After a few hours of sleep that night, we traveled by train early the next morning across the border to Malaysia. However, after spending a few hours in the country we quickly changed our plans for spending a day or two there and immediately headed back to Singapore. The cat calls walking down the street were the worst of any country I have been to, there was nothing particularly interesting to see, and we were hooked on Singapore knowing there was still so much to see. Just as quickly as we arrived, we caught a train right back and headed to the Gardens at the Bay. These beautiful gardens or the “Supertree Grove” as it is also called, are comprised of massive 25 to 50-meter tree-like structures that are solar powered and come alive at night in vibrant colors. They are actually featured in the most recent Planet Earth series on the urban episode. It is an electric forest reaching hundreds of feet high over beautiful gardens and green spaces. We spent several hours reading about the history of the park and the envisioned future of co-existing urban spaces with strong ties to nature and exploring the park.

Over-all Singapore is an incredible and versatile city that has fused many cultures into a small and nearly spotless space. The efforts and planning the country puts into making even the shortest of visits remarkable is noticeable. Even on a long layover in the airport, travelers can visit a butterfly garden, swimming pools, movie theater, climbing wall, etc. and there are brochures with recommended activities based on the duration of the layover. There are also free shuttles into town offered from the airport as long as time permits a quick visit. One of the safest and easiest places to travel through, Singapore is a remarkable country to visit.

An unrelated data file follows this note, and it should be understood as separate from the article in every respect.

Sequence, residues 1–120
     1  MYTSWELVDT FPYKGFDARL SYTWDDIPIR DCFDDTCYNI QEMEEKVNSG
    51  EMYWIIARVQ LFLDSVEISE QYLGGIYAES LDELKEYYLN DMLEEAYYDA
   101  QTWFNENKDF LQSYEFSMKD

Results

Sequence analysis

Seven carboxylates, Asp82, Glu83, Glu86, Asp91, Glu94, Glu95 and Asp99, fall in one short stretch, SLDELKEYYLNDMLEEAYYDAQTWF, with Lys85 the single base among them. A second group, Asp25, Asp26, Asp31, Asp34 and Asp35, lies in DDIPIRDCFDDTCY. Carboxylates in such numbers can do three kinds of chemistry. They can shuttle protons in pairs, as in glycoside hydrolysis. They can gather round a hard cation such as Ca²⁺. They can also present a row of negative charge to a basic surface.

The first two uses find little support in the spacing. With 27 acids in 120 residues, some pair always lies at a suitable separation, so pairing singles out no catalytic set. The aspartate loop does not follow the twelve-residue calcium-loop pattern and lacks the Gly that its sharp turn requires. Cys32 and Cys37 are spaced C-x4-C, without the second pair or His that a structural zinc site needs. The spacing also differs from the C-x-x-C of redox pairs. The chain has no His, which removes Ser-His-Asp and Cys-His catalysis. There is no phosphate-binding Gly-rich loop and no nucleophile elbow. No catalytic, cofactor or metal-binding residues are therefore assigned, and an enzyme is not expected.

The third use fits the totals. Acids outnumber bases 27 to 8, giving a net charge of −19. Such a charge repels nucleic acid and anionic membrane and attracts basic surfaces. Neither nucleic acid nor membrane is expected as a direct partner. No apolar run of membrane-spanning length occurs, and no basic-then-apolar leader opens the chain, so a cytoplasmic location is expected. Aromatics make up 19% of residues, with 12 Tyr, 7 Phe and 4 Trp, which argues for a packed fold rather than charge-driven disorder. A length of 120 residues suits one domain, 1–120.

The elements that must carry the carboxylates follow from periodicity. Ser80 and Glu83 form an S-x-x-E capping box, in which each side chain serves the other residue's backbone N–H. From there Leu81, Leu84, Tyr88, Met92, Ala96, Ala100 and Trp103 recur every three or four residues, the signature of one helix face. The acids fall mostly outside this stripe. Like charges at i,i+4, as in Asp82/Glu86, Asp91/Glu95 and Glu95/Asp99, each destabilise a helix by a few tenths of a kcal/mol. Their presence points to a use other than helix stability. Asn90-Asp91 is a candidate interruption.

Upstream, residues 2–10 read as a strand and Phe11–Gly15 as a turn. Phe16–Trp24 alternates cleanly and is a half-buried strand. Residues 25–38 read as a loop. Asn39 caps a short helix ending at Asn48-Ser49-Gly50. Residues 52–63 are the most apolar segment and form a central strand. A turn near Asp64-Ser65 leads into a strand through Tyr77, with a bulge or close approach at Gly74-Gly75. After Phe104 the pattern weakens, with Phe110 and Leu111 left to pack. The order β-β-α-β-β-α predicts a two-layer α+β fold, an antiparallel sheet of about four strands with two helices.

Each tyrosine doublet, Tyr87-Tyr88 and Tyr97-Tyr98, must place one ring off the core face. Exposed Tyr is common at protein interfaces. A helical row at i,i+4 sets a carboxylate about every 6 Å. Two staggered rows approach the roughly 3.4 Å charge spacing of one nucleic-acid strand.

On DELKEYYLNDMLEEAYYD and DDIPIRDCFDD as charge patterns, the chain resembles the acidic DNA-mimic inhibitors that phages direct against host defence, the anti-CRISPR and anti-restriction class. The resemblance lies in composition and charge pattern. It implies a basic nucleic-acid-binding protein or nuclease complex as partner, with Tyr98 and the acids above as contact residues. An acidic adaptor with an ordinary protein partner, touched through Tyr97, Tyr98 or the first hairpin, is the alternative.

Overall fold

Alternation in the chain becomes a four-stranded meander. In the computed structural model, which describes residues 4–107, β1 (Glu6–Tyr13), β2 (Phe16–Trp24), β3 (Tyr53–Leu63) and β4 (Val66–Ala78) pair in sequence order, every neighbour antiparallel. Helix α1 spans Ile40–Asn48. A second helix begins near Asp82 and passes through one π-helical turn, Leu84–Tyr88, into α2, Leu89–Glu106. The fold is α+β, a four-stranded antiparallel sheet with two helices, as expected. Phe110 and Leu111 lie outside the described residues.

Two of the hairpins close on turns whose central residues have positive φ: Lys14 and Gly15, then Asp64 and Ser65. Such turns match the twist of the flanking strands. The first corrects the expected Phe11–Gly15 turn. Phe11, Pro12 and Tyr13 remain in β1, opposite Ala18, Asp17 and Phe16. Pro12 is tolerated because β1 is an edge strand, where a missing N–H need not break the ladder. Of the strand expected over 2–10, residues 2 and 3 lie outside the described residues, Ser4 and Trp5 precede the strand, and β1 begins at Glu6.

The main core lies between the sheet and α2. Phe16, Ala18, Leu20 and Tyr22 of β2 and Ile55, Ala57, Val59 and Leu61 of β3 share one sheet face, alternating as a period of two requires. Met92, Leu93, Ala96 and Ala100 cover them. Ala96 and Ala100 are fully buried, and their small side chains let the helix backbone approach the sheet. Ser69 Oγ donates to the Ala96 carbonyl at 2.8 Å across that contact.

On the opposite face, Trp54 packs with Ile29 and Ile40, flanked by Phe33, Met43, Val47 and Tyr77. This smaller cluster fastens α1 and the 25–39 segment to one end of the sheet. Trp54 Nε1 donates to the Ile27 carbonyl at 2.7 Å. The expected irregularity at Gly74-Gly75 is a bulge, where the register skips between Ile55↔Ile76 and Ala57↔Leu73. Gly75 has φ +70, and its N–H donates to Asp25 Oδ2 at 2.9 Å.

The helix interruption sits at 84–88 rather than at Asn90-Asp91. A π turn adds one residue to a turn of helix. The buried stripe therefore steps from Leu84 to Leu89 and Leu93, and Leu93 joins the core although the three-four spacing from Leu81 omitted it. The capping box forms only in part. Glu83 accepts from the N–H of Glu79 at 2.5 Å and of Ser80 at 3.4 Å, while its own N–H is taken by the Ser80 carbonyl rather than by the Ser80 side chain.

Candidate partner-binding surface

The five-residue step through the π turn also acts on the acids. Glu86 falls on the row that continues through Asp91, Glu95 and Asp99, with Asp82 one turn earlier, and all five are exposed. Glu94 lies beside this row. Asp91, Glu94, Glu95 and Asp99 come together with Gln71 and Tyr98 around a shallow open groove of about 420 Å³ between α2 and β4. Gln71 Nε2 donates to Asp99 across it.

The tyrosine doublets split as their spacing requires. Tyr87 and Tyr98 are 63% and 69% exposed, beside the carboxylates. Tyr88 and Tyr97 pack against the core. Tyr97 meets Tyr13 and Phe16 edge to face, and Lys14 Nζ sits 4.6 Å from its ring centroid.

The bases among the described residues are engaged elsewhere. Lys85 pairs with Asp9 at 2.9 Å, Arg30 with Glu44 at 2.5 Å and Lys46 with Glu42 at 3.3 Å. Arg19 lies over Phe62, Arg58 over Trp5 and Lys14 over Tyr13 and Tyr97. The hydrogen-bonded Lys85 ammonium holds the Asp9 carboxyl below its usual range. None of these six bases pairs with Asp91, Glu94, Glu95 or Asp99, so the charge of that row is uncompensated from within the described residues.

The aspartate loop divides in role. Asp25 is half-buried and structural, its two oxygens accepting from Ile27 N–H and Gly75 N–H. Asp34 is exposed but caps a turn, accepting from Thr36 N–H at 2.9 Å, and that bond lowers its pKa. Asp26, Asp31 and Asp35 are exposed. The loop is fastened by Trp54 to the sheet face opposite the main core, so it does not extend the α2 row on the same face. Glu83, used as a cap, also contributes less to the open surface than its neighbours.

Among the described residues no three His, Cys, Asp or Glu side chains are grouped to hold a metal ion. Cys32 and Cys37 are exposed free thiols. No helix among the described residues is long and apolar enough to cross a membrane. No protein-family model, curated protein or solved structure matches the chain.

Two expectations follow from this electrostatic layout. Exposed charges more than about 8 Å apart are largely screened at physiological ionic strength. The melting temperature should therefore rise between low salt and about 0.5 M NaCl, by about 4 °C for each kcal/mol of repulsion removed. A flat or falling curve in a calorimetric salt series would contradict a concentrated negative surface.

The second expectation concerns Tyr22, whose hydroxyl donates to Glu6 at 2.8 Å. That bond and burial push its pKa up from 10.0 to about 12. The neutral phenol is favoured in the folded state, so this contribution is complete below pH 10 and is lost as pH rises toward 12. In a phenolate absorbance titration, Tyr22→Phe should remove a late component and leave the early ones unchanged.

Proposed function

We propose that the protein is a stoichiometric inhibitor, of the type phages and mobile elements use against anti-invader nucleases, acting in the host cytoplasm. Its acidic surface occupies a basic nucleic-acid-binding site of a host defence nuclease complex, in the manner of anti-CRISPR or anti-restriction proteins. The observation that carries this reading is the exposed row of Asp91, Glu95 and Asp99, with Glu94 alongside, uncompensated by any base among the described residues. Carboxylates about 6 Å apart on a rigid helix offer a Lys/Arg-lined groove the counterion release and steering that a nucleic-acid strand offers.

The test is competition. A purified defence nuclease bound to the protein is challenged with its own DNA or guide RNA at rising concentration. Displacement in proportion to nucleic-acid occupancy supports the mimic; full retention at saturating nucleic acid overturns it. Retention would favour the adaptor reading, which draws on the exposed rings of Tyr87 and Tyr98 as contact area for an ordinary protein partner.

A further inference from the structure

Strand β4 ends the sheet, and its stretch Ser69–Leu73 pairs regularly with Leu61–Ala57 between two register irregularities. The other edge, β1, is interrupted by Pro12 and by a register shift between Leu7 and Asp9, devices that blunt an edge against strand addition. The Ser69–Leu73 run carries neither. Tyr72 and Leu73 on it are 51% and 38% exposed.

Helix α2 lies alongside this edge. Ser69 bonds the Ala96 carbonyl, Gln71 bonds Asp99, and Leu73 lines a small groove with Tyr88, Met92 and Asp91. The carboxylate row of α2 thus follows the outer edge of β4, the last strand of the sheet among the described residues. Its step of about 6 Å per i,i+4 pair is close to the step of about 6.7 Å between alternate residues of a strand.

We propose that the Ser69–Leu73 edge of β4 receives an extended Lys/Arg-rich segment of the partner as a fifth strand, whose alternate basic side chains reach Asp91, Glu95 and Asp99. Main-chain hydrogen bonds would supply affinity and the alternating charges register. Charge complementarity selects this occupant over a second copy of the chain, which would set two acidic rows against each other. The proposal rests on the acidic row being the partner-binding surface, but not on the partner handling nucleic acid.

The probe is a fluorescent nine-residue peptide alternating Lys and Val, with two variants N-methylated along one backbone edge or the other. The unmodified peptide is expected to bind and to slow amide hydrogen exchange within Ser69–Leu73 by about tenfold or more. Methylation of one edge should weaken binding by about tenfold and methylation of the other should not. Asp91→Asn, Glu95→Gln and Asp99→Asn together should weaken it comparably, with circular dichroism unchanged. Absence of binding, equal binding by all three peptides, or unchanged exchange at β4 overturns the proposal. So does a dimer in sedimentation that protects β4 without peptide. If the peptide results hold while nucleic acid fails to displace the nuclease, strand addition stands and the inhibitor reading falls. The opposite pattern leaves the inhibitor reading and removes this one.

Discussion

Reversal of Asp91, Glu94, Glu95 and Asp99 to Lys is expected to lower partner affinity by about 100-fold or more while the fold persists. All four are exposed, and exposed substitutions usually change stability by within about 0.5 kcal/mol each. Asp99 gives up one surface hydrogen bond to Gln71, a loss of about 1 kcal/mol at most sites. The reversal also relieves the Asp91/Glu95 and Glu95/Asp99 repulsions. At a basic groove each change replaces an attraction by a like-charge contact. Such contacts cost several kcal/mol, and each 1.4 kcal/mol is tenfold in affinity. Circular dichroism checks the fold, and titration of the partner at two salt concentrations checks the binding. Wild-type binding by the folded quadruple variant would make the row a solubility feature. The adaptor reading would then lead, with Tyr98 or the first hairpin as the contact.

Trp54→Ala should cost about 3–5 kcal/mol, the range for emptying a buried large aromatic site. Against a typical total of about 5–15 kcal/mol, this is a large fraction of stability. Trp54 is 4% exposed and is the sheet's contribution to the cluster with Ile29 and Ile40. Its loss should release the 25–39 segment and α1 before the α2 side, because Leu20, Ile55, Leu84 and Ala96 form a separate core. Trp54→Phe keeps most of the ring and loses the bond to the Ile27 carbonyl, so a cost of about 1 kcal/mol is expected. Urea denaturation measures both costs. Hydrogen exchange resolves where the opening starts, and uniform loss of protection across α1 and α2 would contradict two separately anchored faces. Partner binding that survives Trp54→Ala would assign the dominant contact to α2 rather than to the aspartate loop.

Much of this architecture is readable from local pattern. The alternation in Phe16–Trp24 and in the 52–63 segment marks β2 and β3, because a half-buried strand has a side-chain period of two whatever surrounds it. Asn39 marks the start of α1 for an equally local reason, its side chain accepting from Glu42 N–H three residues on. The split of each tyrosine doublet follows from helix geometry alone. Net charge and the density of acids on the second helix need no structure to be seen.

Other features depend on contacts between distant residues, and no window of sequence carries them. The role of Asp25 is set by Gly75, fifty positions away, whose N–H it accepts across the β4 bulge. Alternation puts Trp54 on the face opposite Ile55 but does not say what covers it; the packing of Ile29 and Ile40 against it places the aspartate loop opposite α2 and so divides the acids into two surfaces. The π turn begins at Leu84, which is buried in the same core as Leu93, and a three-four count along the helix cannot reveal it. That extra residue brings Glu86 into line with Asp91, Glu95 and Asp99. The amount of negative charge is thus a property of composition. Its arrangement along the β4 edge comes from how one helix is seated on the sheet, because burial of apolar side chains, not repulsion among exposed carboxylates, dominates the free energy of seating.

Clarke Quay

Hostel Average Cost: $15

Currency: Singapore Dollar

Drink: We had to try the signature Singapore Sling, but there are many other creative cocktails offered. Alcohol has the “sin” tax though (items that are bad for health are taxed higher), so all drinks are expensive even in the bottle stores.

Food: Clarke Quay in the historic district with its colorful umbrellas and buildings is the most picturesque spot to catch a meal on the riverfront!

Electric Outlet: Type G- British

Visa: Not required